'Not flawed': Supreme Court upholds government's 2016 decision of demonetization
Upholding the Centre's 2016 decision of demonetization, the Supreme Court on Monday junked all 58 petitions challenging it, saying the financial decision taken by the government can't be overturned. Its Constitution bench observed that the Centre and the Reserve Bank of India (RBI) consulted for a period of six months before undertaking the exercise, and the decision wasn't hit by the "doctrine of proportionality."
Why does this story matter?
- The central government demonetized Rs. 500 and Rs. 1,000 currency notes in 2016, claiming it would eliminate counterfeit currency and terrorist funding.
- However, the government data submitted in Rajya Sabha during the 2022 Budget Session shows that fake Rs. 500 notes in circulation grew by over 197 times since 2016, while counterfeit Rs. 2,000 notes increased from 638 in 2016 to 8,798 in 2020-21.
Verdict pronounced with 4-1 majority
Justice SA Nazeer, who is set to retire on Wednesday, headed the five-judge Constitution bench comprising Justices BR Gavai, AS Bopanna, V Ramasubramanian, and BV Nagarathna. The verdict held that demonetization was valid and passed the test of proportionality. Justice Nagarathna—the only judge on the bench with a dissenting view—held that though well-intentioned, the move must be declared unlawful based on legal grounds.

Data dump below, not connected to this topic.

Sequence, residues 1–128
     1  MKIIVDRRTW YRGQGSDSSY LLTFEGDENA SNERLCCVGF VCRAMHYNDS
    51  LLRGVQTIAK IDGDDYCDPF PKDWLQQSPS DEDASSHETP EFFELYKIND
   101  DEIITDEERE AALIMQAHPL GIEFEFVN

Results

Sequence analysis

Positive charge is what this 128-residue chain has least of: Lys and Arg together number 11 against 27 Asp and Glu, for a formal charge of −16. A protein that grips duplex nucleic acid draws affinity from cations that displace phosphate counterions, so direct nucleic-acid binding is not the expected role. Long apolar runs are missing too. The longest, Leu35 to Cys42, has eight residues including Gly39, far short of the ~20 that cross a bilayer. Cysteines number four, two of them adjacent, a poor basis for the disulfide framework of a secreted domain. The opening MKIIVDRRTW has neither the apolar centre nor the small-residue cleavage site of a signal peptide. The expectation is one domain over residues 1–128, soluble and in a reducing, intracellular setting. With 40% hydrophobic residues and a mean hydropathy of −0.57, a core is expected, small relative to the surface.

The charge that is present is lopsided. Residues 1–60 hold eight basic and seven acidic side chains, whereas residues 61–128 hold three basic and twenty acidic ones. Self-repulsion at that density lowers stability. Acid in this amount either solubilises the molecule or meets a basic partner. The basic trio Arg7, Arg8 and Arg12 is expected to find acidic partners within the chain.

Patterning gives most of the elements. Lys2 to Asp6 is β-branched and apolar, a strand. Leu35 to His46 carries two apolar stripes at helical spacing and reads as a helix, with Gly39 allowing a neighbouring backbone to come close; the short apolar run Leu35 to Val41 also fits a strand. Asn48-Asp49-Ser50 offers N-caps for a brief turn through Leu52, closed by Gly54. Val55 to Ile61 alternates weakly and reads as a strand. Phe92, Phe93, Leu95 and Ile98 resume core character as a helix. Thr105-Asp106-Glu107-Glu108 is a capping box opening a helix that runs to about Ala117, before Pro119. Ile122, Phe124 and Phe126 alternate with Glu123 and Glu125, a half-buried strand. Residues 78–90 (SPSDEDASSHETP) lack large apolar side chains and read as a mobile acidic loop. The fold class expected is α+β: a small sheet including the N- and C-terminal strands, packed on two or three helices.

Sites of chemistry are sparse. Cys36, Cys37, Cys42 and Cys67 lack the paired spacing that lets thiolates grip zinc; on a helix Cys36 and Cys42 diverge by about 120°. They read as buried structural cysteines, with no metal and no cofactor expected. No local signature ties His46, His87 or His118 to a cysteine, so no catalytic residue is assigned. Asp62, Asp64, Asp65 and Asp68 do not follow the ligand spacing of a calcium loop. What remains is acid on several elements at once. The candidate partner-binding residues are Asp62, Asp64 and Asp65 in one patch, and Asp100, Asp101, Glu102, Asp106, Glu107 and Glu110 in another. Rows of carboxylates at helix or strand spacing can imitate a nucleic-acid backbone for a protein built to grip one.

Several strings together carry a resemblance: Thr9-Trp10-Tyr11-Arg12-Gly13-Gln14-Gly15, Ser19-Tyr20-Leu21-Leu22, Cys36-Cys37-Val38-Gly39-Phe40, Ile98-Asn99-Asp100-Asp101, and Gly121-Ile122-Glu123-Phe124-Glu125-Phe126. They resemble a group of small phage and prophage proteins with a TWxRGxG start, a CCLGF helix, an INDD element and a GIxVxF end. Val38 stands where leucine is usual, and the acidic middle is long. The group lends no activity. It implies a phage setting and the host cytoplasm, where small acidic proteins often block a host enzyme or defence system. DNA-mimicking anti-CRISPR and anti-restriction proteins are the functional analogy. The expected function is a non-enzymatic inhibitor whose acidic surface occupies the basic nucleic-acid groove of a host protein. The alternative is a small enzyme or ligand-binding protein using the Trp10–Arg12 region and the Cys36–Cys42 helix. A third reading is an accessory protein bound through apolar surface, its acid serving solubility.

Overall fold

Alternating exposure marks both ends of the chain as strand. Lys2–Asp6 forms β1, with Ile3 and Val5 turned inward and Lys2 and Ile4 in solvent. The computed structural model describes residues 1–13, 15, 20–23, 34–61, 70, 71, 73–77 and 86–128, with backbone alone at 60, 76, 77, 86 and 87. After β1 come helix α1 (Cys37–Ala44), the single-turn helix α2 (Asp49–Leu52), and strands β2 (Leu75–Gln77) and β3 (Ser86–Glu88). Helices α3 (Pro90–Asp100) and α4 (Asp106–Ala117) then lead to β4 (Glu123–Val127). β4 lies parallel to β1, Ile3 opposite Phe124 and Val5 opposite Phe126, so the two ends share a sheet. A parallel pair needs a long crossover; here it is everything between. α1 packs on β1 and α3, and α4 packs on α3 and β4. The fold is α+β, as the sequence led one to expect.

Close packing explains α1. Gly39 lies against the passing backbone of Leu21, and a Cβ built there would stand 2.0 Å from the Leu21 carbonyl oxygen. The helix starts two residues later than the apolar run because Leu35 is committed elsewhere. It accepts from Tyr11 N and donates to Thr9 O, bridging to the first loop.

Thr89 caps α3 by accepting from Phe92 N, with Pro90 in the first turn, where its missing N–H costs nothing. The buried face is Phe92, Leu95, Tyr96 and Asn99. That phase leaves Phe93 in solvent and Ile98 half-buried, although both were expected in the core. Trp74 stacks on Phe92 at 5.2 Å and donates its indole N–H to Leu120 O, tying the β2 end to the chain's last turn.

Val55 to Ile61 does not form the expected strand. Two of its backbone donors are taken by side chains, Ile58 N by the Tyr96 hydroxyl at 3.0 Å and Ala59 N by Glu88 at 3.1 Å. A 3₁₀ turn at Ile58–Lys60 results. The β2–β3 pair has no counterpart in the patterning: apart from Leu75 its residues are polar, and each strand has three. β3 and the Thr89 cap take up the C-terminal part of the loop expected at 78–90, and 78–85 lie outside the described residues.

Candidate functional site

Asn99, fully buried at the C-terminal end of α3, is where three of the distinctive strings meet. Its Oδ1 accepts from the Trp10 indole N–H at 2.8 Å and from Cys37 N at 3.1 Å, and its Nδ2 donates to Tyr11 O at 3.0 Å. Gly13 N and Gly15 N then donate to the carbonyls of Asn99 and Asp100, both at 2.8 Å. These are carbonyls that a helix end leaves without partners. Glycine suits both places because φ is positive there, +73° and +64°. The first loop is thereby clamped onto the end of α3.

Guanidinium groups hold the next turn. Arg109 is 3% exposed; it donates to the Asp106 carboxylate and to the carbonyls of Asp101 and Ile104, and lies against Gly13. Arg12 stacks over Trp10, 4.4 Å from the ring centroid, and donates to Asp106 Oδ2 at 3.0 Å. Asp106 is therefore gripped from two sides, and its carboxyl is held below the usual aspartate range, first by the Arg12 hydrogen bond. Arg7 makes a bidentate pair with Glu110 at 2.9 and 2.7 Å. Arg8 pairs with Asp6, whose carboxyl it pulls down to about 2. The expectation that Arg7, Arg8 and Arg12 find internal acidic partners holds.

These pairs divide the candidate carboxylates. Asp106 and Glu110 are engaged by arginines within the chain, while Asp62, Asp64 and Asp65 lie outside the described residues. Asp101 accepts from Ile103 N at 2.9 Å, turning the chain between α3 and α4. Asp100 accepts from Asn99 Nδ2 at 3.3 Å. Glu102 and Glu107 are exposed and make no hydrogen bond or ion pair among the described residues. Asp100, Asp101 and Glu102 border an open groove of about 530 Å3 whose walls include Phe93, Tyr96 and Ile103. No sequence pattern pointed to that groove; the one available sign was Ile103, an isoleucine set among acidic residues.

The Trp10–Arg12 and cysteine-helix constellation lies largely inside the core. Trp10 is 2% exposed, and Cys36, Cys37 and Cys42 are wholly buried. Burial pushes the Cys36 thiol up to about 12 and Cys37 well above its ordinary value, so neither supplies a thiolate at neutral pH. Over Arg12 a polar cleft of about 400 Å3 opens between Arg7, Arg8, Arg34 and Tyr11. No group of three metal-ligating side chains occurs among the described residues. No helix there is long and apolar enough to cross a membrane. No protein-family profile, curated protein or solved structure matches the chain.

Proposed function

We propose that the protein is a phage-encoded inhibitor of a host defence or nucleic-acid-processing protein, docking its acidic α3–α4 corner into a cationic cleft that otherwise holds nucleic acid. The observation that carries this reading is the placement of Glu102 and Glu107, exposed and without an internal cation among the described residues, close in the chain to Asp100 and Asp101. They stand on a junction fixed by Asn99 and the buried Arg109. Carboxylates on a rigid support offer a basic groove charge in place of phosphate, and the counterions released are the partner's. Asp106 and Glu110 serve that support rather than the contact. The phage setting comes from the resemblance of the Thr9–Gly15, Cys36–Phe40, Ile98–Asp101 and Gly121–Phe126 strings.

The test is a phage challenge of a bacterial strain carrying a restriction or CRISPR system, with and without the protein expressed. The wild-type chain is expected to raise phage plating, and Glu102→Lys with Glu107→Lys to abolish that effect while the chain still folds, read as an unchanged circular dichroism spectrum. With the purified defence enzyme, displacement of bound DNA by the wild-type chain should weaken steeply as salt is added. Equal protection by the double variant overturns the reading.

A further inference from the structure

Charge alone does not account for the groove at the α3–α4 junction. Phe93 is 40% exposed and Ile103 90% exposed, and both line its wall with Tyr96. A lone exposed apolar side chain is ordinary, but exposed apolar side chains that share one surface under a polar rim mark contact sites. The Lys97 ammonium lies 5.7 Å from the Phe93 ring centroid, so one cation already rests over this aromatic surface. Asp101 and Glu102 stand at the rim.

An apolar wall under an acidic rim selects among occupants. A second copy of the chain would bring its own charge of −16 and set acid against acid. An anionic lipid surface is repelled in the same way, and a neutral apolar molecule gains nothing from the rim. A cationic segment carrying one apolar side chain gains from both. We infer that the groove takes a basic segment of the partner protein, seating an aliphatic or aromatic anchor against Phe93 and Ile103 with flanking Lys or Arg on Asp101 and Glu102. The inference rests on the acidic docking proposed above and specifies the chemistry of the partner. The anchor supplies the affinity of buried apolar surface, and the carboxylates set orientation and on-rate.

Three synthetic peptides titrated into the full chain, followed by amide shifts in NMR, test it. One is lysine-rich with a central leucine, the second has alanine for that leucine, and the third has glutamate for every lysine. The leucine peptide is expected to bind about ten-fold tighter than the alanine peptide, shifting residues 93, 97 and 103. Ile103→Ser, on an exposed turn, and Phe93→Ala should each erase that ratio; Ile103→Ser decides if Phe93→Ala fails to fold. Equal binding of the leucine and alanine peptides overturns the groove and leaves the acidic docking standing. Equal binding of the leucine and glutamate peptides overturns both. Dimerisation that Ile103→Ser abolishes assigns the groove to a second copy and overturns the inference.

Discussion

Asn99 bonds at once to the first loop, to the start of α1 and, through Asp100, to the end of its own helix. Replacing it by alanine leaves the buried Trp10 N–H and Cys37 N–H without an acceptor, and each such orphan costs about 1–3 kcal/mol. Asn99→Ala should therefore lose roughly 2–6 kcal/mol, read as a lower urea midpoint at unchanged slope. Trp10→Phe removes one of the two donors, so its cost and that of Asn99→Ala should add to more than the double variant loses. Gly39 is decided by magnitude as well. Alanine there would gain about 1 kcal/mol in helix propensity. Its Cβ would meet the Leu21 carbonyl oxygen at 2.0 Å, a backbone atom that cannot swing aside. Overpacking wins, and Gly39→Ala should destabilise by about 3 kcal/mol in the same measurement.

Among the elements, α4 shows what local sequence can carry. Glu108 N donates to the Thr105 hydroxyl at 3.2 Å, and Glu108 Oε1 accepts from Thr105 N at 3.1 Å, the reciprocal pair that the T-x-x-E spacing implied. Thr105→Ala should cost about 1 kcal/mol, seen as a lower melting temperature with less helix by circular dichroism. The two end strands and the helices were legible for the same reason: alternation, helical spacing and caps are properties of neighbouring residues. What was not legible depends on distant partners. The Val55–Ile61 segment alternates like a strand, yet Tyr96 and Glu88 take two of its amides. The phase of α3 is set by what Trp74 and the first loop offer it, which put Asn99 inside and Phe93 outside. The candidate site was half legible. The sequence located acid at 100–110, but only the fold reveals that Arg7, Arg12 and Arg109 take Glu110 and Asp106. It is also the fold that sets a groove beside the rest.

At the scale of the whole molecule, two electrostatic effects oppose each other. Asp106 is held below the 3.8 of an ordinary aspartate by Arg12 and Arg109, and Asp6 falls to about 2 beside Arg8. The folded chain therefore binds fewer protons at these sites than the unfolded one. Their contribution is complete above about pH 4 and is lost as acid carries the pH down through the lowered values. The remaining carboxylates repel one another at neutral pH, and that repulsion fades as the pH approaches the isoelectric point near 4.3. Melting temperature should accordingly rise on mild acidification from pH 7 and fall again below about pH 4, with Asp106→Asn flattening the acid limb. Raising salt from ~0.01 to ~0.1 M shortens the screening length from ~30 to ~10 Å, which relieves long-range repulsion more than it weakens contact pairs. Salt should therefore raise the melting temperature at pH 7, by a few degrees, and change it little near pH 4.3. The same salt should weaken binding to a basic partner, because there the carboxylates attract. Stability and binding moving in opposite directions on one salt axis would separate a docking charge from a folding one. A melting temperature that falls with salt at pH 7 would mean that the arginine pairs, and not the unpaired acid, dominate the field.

Centre allowed demonetization under Section 26(2) of RBI Act
Justice Gavai, however, said that it wasn't relevant if the objective of demonetization was achieved or not. The bench held that the prescribed duration of 52 days for exchanging demonetized currency wasn't unreasonable. It observed that the Centre, in consultation with the RBI, could implement demonetization under Section 26(2) of the RBI Act, as the latter doesn't have any independent power for the same.
SC earlier asked RBI to submit a comprehensive affidavit
The Supreme Court previously reserved its verdict after directing the RBI to furnish the relevant records linked to the government's 2016 demonetization decision. The Centre earlier told the top court that demonetization was a "well-considered" move.
RBI's counsel resisted SC's attempt to revisit demonetization
The RBI's counsel, Attorney General R Venkataramani, earlier argued that the SC can't decide on the matter as it can't grant any tangible relief by "putting the clock back" and "unscrambling a scrambled egg." However, appearing for the petitioners, senior advocates P Chidambaram and Shyam Divan, among others, had argued that the government can't initiate any proposal on its own relating to legal tender.
RBI, government claimed demonetization had become 'academic'
Earlier, acknowledging the ambit of the judicial review of state policies, the bench said it would nevertheless examine demonetization. It said it was answerable to the plea filed to check if the move was a mere academic exercise or had borne any positive results. The RBI and the Indian government's counsel repeatedly asserted that the matter had become academic in the last six years.